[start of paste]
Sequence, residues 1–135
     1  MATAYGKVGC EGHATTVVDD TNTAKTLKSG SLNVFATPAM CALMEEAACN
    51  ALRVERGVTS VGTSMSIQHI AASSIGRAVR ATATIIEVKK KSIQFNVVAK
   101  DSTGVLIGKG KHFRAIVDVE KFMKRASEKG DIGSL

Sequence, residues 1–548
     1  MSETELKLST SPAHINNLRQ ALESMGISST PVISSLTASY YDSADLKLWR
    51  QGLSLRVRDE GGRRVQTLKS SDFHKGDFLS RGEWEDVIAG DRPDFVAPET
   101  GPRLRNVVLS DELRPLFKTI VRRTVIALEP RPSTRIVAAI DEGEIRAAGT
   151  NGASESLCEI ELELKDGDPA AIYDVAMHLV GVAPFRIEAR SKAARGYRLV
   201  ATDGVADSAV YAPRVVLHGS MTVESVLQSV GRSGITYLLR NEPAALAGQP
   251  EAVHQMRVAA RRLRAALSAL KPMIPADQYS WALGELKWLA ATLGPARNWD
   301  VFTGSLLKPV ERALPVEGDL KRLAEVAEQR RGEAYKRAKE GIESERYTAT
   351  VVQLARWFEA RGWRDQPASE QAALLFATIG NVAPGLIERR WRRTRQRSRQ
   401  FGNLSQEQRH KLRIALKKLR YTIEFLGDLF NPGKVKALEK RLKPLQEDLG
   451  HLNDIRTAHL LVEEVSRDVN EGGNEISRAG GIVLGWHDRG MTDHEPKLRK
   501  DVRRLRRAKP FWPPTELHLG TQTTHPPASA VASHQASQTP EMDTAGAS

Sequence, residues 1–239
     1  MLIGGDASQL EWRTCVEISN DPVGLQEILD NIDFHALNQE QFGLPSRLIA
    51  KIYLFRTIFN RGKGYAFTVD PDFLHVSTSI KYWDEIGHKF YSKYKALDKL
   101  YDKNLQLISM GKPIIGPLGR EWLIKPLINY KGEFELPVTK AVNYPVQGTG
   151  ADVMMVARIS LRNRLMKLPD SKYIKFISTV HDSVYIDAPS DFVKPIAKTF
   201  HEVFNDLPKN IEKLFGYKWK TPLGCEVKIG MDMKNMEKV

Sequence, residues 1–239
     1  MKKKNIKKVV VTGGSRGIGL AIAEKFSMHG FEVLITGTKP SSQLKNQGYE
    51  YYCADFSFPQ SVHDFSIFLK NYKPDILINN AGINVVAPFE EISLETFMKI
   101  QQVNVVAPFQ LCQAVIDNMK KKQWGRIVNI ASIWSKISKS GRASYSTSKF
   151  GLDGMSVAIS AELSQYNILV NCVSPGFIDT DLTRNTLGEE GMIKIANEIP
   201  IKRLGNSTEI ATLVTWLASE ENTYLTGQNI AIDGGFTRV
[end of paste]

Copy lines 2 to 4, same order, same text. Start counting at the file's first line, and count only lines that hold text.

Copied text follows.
     1  MATAYGKVGC EGHATTVVDD TNTAKTLKSG SLNVFATPAM CALMEEAACN
    51  ALRVERGVTS VGTSMSIQHI AASSIGRAVR ATATIIEVKK KSIQFNVVAK
   101  DSTGVLIGKG KHFRAIVDVE KFMKRASEKG DIGSL